Public Participation in the Geospatial Web

September 24th, 2017

The way that neography is presented in this article sounds incredibly exciting. It presents itself as a radical counterpoint to the ubiquitous and predatorial cultivation of data from powerful private interests. The organizations discussed in this article all seemed to have altruistic measures with the reasons given for volunteer participation also reflecting that point of view. Volunteer participation stems from altruism, or pride of a place or open source convictions. In a large way this would reflect a kind of civic duty that I feel is still not ubiquitously recognized. I think of the digital divide discussed in the article, with different ontologies of the internet being in play.
I had the impression while reading this article that there these organizations had a poor level of communication with many of their volunteers. I think of the example of the blurring line of experts and nonexperts, and the anxieties contributors had of the validity of their own data. Perhaps these organizations are not properly reaching out and stating what kind of information they are looking for. This, I feel, stems from a lack of financial resources. This is often a problem when dealing with political action from a grassroots level.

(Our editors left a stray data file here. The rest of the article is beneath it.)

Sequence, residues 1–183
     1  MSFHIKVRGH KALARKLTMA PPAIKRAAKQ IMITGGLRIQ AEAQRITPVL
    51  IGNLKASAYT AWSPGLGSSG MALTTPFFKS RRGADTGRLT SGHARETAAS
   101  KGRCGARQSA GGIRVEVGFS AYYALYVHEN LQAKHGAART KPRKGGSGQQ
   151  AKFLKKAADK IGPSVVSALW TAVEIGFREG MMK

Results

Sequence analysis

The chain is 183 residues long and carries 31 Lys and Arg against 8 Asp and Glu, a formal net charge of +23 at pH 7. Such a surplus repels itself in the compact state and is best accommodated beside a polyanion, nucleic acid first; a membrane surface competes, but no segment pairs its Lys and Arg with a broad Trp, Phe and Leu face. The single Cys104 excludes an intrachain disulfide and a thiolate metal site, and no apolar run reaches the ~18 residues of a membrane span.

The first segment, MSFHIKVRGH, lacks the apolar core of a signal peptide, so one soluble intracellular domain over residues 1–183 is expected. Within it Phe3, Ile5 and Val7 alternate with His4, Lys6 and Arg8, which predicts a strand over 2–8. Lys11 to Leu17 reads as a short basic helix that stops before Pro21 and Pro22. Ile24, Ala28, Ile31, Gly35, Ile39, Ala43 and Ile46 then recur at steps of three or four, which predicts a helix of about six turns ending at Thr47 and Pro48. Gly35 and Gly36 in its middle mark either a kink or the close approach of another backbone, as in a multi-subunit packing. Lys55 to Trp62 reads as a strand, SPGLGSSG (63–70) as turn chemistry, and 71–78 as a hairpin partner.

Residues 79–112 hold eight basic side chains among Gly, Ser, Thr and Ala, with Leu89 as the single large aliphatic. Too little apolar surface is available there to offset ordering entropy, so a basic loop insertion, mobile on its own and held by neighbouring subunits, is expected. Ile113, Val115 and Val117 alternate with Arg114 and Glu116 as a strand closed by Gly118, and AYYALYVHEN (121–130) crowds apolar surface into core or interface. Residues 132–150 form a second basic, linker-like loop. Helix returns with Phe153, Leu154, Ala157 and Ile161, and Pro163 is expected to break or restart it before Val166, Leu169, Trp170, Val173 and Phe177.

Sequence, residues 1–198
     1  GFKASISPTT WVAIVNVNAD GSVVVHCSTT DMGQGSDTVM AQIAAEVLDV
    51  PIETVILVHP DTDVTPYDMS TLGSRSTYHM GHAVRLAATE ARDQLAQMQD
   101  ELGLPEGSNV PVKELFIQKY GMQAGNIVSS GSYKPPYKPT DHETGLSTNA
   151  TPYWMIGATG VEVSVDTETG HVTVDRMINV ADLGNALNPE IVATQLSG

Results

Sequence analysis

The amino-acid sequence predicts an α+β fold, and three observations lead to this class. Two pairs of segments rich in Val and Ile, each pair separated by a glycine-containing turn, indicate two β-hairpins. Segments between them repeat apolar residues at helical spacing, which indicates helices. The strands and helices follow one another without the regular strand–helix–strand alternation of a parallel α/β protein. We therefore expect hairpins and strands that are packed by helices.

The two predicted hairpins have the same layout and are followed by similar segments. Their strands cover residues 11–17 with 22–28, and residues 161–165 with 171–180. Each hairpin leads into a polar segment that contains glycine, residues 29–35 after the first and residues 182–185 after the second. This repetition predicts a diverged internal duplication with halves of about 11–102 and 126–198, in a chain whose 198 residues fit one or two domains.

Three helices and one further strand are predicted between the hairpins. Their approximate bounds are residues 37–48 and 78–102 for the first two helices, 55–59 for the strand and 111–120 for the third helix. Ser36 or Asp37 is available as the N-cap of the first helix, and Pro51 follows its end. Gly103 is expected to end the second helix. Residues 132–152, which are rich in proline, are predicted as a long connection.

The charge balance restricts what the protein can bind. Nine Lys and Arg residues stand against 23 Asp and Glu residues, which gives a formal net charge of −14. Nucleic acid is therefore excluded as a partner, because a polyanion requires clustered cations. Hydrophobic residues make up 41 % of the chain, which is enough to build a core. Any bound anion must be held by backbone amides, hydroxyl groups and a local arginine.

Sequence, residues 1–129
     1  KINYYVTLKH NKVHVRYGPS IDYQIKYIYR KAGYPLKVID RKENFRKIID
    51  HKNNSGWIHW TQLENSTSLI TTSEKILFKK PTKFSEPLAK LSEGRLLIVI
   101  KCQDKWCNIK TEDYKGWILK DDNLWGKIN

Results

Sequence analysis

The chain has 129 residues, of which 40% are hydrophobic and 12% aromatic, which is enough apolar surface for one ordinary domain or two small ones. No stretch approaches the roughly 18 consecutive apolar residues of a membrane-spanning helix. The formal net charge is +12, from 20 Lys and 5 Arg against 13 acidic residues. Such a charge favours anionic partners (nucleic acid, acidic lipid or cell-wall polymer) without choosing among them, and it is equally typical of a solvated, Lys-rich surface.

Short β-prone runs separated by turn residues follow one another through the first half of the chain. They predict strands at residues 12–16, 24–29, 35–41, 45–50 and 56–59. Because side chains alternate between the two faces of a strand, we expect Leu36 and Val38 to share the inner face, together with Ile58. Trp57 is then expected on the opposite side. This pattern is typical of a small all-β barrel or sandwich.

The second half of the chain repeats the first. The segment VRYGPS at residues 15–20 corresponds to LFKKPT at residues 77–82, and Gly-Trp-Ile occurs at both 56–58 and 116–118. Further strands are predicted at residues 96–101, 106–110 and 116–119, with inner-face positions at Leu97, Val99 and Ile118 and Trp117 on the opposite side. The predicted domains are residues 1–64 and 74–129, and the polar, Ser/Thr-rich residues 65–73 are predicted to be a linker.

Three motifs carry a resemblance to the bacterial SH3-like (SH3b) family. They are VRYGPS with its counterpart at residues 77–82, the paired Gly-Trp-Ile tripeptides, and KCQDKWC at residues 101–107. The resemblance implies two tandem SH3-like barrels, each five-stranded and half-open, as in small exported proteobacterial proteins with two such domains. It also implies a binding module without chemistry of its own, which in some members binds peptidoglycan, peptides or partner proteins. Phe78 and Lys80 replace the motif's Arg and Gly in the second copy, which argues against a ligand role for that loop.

Before the P/GIS becomes a truly disruptive force in the current world, it must become part of the regular social mores of as many people as possible. This would require a better level amount of education of it amongst the public, and it may even perhaps need to become a proper political force. I can imagine that on a municipal level, P/GIS may be an incredibly powerful tool for political mobilization and community knowledge.